If you're checking it, it doesn't much matter. Buy some water bottles. Freeze em with water in em, then pack them in a plastic bag (just in case something goes awry) and sandwich the cream cheese.

      Like Just Visiting said, the bagels to me would be the larger concern...

      4 Replies
      1. re: Emme

        you can't bring water bottles through security.

          1. re: Stephanie Wong

            Especially any food item with a smooth viscosity that resembles Tovex. Bad idea, even in checked baggage.

          2. re: smartie

            Packing cream cheese in *checked* luggage has no bearing on going through security... I wasn't suggesting bringing the water through security, but checking:

            "If you're checking it, it doesn't much matter. Buy some water bottles. Freeze em with water in em, then pack them in a plastic bag (just in case something goes awry) and sandwich the cream cheese."

        1. you can bring gel packs on the plane (carry-on) so long as each one is less than 3 oz. a few months ago i brought a few sections of those tear-away gel pack blankets you can get at Target. Once you get on the plane, you can ask the flight attendant for some ice to supplement if needed.

          seems like it would be easier to make your own flavored cream cheeses though.

          1. Is this some kind of special cream cheese that is not available in California? I wouldn't risk it for an item that surely can be found elsewhere.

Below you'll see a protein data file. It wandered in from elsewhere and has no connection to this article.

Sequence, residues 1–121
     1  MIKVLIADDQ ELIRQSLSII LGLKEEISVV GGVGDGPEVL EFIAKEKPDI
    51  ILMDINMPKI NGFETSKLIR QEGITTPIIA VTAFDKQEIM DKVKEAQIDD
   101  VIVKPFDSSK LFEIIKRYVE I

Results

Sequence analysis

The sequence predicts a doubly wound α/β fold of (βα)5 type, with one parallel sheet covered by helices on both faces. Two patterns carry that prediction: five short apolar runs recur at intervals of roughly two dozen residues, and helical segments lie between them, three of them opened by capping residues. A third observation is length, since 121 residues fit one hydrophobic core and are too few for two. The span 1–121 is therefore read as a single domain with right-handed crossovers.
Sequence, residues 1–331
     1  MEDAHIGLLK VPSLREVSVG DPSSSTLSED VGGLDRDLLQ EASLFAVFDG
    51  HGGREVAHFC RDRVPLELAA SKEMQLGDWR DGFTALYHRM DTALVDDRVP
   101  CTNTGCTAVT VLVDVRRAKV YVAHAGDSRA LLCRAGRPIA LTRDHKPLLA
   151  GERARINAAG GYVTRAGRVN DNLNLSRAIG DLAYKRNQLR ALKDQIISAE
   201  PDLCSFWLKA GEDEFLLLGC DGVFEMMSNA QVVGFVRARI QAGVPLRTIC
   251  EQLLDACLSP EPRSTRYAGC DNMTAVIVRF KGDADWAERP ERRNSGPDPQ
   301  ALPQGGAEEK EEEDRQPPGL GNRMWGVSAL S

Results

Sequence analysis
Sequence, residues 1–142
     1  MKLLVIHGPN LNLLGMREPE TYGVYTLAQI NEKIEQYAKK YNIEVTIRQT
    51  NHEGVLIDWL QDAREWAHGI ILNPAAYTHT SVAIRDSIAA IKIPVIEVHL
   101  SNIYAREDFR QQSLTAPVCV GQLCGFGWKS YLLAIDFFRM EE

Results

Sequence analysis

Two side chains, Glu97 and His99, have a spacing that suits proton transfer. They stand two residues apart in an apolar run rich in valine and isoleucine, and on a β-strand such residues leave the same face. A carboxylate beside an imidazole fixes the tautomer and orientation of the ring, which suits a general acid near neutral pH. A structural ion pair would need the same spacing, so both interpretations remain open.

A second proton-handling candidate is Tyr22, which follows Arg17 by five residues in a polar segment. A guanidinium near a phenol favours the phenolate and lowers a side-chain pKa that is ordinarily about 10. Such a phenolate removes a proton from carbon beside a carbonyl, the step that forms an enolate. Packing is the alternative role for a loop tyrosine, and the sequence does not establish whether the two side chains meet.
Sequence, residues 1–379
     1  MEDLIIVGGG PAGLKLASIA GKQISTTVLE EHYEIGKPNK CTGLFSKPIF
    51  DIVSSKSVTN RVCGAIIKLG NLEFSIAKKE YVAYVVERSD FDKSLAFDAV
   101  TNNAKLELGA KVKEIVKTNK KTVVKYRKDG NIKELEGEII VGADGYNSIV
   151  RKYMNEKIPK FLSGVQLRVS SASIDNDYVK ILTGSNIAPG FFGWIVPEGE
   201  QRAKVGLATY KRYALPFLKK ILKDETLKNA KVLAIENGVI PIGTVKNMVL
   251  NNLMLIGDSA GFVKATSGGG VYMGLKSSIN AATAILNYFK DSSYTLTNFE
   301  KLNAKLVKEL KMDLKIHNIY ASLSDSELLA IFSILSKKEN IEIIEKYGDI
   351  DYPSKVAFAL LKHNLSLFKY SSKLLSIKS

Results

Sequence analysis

1. I totally DO understand why you might want to pack along the cream cheese -- it's fun to get picked up by a friend at airport, or taxi to their house, and unpack a mini-spread without having to find a local market, or take over their kitchen to mix up stuff. Feels like a festive hostess gift. :)

              In checked bags, I've packed frozen gel packs, frozen water bottles, even ice cubes to keep treats cool, never an issue. I have a cheap little squarish semi-insulated ordinary dollar-store lunch bag that I use; I line it with a couple of grocery store thin plastic sacks and a couple of layers of paper towels. Icy pack of choice is laid in place (ziplocked double to prevent leakage) and ziplocked cold stuff in the middle as possible. (All ziplocks are reusable! -- don't waste.)